No sooner had I finished writing and posting my previous blog post about current conditions in Rocky Mountain National Park and the subtle changes in the seasons before the weather in RMNP does what it’s famous for, change dramatically again.
True to form, not only are there signs of autumns impending arrival, but the weather in Rocky Mountain National Park on Friday morning decided to remind us that not only is fall right around the corner, but so is winter. While rain had fallen overnight in most elevations of RMNP on Thursday night, it was cold enough to put a light but healthy dusting of fresh snow on the landscape above 11,500 ft.
I drove up Trail Ridge Road early Friday morning looking to see if there would be any breaks in the cloud cover that morning for sunrise. Approaching the Forest Canyon overlook I could see it was more than just droplets of dew on the grasses and tundra and that there was a light dusting of snow right near timberline. Taking a moment to take a good look at Longs Peak in the predawn light, I could see it was also coated in fresh snow. While its a little early, snow in late August on the high peaks is fairly common. Heck it makes for some nice photographs as well so I’m certainly not complaining, I mean whats better than photographing 3 seasons all in the course of a couple of days?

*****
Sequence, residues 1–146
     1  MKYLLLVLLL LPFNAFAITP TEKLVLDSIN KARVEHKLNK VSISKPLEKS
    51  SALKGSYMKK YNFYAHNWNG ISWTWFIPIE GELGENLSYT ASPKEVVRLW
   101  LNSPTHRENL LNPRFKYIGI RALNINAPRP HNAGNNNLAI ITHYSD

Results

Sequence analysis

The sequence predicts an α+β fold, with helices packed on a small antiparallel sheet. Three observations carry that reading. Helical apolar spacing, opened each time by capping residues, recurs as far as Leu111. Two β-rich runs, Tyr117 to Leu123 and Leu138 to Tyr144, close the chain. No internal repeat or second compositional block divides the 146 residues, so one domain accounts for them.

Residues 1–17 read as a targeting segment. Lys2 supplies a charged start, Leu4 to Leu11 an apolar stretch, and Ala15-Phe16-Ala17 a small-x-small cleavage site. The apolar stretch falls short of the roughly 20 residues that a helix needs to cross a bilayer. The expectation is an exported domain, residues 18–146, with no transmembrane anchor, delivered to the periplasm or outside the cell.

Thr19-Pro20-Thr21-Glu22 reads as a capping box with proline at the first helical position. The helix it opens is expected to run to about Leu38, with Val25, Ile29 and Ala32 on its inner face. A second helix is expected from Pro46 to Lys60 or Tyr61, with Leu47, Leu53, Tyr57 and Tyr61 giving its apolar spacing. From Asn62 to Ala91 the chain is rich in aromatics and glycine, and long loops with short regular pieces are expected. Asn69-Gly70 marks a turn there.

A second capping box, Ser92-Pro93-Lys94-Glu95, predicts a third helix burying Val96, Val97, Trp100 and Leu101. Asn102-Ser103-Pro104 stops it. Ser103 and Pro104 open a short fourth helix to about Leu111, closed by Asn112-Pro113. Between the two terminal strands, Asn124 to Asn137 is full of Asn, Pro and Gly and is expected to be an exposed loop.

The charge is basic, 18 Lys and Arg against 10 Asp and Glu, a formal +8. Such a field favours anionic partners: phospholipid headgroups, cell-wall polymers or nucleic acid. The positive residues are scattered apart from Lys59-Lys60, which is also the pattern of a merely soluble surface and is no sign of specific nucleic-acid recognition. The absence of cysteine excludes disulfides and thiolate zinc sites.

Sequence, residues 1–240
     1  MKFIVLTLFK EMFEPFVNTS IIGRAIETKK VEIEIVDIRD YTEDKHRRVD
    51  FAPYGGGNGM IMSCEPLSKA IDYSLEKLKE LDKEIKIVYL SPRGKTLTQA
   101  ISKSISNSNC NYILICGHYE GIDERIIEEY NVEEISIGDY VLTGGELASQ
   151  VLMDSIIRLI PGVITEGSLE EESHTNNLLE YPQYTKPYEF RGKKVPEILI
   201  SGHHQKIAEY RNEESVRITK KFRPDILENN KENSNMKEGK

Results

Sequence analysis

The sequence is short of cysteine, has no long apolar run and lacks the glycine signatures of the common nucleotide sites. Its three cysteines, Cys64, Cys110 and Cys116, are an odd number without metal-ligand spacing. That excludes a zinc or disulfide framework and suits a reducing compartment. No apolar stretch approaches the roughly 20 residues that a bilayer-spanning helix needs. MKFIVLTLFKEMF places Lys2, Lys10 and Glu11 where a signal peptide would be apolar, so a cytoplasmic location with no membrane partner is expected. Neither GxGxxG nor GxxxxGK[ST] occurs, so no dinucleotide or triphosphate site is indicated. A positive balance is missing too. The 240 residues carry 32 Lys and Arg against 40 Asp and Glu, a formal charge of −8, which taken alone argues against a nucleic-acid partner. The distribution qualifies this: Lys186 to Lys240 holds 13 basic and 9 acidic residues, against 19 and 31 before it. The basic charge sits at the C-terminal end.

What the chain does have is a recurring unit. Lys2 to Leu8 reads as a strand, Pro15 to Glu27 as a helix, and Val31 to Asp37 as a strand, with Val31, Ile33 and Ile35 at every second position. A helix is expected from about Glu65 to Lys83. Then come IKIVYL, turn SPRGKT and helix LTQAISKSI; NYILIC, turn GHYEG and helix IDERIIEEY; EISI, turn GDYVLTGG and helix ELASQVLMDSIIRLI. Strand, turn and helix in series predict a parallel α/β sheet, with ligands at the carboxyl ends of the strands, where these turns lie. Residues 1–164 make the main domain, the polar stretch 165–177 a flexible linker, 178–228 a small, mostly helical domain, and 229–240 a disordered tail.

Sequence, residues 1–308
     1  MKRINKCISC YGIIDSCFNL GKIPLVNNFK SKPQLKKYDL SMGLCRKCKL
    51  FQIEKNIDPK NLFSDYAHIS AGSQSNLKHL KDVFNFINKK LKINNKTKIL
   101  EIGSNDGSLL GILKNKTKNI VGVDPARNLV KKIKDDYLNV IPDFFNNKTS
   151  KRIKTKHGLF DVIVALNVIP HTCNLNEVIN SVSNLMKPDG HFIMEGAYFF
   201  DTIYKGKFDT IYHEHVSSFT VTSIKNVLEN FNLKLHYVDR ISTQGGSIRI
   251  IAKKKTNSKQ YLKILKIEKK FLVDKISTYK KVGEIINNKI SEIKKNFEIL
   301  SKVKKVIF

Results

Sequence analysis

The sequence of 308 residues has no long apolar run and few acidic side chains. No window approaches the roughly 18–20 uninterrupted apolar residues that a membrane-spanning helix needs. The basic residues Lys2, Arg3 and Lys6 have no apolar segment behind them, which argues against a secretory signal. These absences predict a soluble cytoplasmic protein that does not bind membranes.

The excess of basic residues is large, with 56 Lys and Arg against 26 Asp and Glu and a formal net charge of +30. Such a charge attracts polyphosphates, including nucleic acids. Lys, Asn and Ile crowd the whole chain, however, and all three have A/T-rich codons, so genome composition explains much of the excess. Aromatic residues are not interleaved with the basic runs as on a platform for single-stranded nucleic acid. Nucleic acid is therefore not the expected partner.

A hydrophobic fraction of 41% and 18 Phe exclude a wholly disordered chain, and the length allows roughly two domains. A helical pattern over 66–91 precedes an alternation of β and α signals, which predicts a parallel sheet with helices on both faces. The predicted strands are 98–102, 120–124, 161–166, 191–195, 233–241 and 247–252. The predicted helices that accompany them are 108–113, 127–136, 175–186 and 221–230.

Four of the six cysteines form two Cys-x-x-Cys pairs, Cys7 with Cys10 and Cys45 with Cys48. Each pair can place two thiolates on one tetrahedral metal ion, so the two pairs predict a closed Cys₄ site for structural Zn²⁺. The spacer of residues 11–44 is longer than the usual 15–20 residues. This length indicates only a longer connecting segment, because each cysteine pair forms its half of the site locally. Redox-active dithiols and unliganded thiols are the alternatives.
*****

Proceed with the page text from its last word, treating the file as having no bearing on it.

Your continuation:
So lets recap the current conditions in Rocky Mountain National Park. It’s still summer. Most of the park is still green, lakes are free of ice and trails are clean and clear. Signs of autumn have started to rear their head in the nooks and crannies of RMNP. A few aspen trees here and there are showing some color and some of the smaller ground foliage has turned red and orange. Lastly, even though it August, we can and do get occasional snow events covering the summer landscape with a winter like cloak.